Highlights — 06 July 2019 — by Rowland A. Parks, News Analysis
Belize Ambassador to the UN sounds ominous warning about climate change

BELIZE CITY, Tues. July 2, 2019– Belize’s permanent representative to the United Nations, Ambassador Lois Young,has taken an activist position in speaking up on behalf of small nation-states whose contribution to the global phenomenon described by scientists as global warming, is minimal.

In an opinion article published in the Financial Times about the dismissive approach being adopted by of some of the large nation states, Ambassador Young called on them to step aside and stop blocking the UN efforts to contain global warming.

Under the caption, “Small nations like Belize are being sacrificed at climate talks,” Ambassador Young, who was in Bonn, Germany, attending UN climate talks that were attended by representatives of 200 countries, sounded a clear, ominous warning about the dangers facing the world if action is not taken.

Ambassador Young is also the chairperson for the 44-member state, Alliance of Small Island states (AOSIS). The UN climate talks were “aimed at implementing the 2015 Paris Agreement, which seeks to keep the average global temperature increase below 2C,” Ambassador Young writes.

Ambassador Young said that, “All these countries agreed in 2015 to that deal, and yet here — nearly five years on — there are a few who wish to quietly use procedural measures to rip it up away from the public gaze.

“The science is important because it illustrates just how fine a line we are now treading. Last year’s special report by the Intergovernmental Panel on Climate Change lays out the stark and bleak realities of a warming world.”

Ambassador Young said that even if we keep an average temperature increase to 1.5 C, there will still be an economic impact, global crop failures and “brutal damage to coral reefs.”

“The Intergovernmental Panel on Climate Change(IPCC) work had global input: the US, Saudi Arabia, India and China all contributed to the report, alongside the EU, Africa, Latin America and my small island colleagues,” Ambassador Young said.

Belize’s Ambassador took the major oil, gas and coal-producing countries’ envoys to task for not planning a low carbon future, “saying they reject that science.”

“They obviously believe that with the current instability in the world, no one would notice, and no one would care if they tried to exorcise the IPCC conclusions on 1.5C warming from UN climate talks and take it off the agenda,” Ambassador Young writes.

Noting that this position is coming days before the G20 in Osaka, Ambassador Young concludes, “The move essentially declares that small islands and low-lying coastal developing states like my home, Belize, are disposable global zones to be sacrificed amid unprecedented climate change.

“Their refusal to formally consider the IPCC report, which was established as a critical next step in the Paris Agreement, undermines the basis on which the community of nations engages on and responds to climate change-induced challenges. It is a rejection of multilateralism and the 1990 UN climate framework, which was originally agreed by a Republican US president, George H W Bush, in a more hopeful era when we envisaged the start of a new history.”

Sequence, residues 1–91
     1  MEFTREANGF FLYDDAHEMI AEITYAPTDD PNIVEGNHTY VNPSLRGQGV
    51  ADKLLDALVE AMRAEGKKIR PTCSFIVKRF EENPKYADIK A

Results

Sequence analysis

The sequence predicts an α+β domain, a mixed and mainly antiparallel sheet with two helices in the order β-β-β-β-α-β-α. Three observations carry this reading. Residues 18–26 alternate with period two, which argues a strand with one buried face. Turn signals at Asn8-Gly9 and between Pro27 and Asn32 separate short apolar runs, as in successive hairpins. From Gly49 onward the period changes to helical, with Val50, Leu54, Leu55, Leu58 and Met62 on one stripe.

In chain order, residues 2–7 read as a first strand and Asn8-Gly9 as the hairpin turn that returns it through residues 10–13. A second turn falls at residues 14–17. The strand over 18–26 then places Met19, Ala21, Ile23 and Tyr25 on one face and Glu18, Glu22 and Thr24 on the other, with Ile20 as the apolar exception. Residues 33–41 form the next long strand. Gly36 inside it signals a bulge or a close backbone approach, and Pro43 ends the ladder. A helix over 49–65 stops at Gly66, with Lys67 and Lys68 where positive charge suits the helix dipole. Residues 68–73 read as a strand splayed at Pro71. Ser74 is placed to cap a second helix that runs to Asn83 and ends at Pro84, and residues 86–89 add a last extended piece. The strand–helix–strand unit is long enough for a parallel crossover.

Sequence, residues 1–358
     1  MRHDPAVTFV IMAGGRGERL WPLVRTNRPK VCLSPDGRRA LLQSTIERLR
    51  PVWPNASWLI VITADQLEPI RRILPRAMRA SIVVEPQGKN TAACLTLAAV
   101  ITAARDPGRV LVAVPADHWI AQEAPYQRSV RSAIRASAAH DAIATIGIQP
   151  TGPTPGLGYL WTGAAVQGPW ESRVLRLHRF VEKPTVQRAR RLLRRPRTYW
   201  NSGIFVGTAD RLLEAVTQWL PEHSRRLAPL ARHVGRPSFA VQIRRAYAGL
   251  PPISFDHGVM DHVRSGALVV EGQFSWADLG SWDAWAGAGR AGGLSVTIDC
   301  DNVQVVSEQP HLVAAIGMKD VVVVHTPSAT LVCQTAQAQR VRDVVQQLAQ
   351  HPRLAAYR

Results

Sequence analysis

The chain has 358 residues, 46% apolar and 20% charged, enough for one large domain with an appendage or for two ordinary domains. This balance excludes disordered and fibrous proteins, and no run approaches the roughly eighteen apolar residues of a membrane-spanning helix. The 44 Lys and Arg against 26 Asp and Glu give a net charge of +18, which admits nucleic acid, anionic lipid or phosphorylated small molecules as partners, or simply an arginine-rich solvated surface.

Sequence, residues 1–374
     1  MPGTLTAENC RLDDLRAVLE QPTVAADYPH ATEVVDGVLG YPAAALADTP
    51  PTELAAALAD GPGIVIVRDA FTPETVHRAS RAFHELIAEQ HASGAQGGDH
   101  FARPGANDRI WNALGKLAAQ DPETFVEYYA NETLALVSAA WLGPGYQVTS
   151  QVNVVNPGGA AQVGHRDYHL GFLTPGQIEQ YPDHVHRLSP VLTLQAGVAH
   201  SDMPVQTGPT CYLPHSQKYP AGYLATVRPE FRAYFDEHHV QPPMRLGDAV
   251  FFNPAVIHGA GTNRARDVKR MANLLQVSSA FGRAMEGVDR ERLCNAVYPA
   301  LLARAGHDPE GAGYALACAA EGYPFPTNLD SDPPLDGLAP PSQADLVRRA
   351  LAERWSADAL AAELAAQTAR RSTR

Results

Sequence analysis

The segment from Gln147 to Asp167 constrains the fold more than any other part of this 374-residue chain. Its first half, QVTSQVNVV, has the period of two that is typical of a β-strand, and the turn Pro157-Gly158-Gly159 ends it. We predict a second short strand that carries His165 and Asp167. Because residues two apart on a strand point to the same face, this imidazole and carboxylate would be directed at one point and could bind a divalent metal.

Ambassador Young went on to sound a clear warning that if we had time to waste and the science was unclear, “perhaps this refusal to accept the conclusions of the report would not be such a problem. We could sit down, negotiate and eventually move on.” She stated that, on the contrary, however, “We do not have time, and the science is stark. With only a decade in which to act decisively, a small yet vocal contingent of states — some of which have historical responsibility for excessive emissions and a commitment to protecting vested interests — is effectively scuttling global efforts to secure a safe future.

“Do the world leaders really mean to tell us, the most vulnerable nations on the planet, that this is the new reality we must accept? This is an emergency and we will stand up and fight for what we know is right. Our alliance is firm. The time for climate denial and incremental action is long over. This is a crisis that affects our security, and we call on those blocking at the UN to step aside.”

On June 1, 2017, the United States administration of President Donald Trump announced that the US would withdraw from the Paris Climate Change Accord that the US signed onto in 2015 during the administration of President Barack Obama.

Since the US administration made that announcement, the Congress, controlled by the Democrats, passed its Climate Change Now bill, as a symbolic signal to the Trump Administration to get back on track and honor its commitment to the Paris Climate Change Accord.

The Trump White House and the Republicans, however, have been dismissive of the Democrats’ bill; the Republican Senate Majority Leader described the bill as “political theater,” while the White House said it would be inconsistent with the president’s “America First” agenda.

Under the Paris Accord, the US withdrawal would come into effect in November 2020, when the US presidential election is scheduled.

In the 2015 Paris Accords, the US had pledged to cut greenhouse gas emissions by 25 percent by the year 2025.

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Deshawn Swasey

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